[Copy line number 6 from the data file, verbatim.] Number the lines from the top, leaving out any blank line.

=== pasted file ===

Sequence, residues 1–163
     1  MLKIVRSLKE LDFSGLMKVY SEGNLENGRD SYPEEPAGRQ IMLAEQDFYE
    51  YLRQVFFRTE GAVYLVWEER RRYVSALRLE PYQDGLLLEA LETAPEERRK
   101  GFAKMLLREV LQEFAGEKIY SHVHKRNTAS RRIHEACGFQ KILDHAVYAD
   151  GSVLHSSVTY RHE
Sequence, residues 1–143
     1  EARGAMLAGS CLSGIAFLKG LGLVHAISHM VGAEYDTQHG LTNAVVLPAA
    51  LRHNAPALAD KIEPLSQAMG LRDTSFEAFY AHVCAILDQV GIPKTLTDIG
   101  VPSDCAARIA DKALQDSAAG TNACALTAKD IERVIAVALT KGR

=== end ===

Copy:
Sequence, residues 1–143